For Immediate Release
Contact: Greg Butler
August 25, 1994


Assemblyman Chuck Quackenbush charged Art Torres of playing politics with the safety of Californians when Torres used a "parliamentary trick" to kill Quackenbush's legislation punishing juvenile murders as adults.

"Senator Torres has been working all month to shelve our legislation, and today he succeeded," said Quackenbush.

This morning in the Senate Appropriations Committee, AB 136 was moved to the non-existent "Suspense Committee" with Senator Torres supporting the
motion--effectively killing the bill. Prior to today's vote, there had been numerous reports of Senator Torres asking colleagues to kill the bill rather than give Quackenbush a major victory in the last week of session.

"For this bill to get hung up in partisan politics is unconscionable," said Dennis Brown, whose son, Chris was the victim of a gang murder. "Senator Torres traded the lives of our children for his own political gain. Do you think my son cared if his murderer was a Republican or a Democrat?"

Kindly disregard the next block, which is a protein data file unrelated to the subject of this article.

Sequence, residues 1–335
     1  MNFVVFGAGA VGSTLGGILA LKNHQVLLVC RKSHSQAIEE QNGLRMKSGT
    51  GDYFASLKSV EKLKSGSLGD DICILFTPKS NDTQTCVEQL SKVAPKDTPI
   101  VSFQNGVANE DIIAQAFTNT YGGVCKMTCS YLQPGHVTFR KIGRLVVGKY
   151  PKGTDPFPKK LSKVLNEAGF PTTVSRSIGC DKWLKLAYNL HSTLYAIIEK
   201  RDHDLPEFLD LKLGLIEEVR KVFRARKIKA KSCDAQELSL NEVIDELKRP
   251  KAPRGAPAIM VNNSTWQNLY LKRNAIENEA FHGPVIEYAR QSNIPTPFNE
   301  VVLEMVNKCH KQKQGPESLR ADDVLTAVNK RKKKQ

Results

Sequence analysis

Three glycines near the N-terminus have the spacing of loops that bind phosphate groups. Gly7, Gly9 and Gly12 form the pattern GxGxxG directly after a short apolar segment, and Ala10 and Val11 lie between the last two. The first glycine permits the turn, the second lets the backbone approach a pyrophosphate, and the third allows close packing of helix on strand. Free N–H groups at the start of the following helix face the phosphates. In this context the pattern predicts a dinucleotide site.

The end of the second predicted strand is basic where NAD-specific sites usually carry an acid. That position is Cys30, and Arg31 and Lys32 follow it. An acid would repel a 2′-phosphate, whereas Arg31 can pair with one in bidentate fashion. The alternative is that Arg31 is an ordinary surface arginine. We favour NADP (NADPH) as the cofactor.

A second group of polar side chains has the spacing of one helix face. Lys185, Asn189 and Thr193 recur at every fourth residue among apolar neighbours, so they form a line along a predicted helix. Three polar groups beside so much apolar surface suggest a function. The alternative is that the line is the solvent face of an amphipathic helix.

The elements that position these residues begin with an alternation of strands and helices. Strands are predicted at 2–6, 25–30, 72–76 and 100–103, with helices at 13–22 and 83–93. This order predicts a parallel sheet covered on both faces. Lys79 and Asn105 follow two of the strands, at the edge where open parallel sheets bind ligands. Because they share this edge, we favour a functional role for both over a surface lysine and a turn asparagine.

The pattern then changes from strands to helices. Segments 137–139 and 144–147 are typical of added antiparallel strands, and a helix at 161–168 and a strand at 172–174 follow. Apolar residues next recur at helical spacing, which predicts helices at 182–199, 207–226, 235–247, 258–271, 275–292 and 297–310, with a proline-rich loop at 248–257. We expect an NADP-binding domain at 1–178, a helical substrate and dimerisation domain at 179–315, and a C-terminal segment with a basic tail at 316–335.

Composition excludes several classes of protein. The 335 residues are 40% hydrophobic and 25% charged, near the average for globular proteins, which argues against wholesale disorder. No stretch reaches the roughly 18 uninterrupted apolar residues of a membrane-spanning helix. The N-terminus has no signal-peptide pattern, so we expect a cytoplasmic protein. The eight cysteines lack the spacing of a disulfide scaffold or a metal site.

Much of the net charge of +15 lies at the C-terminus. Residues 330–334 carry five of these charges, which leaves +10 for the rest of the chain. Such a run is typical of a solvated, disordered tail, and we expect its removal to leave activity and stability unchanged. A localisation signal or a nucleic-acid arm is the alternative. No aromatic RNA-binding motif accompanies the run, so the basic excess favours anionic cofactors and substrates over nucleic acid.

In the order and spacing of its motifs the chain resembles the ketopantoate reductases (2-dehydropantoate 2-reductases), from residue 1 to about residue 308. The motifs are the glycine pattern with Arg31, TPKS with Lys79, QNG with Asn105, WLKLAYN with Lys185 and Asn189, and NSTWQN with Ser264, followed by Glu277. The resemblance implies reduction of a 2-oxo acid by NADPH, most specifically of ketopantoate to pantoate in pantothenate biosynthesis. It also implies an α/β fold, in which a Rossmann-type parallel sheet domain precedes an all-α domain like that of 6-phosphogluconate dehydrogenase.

AB 136 was approved by the Appropriations Committee in May on a vote of 7-1, when Senator Torres abstained. At the request of Senator Torres, the bill was referred back to the Appropriations Committee's suspense file where it had languished before being addressed today. Since the first of year, at least 30 Californians have died at the hands of 14 and 15-year old killers.

Added Santa Clara County District Attorney George Kennedy who's office sponsored the bill, "Necessary crime bills should not be shelved for partisan political reasons. Regrettably, this happened in the Senate Appropriations Committee with AB 136, apparently at the behest of Senator Torres. That bill would have given judges greater power to deal with 14 and 15 year-old killers who are removed from society for an average of only seven years."

Quackenbush vowed to "pull out every stop" during the last week of session to revive AB 136 "in one form or another".


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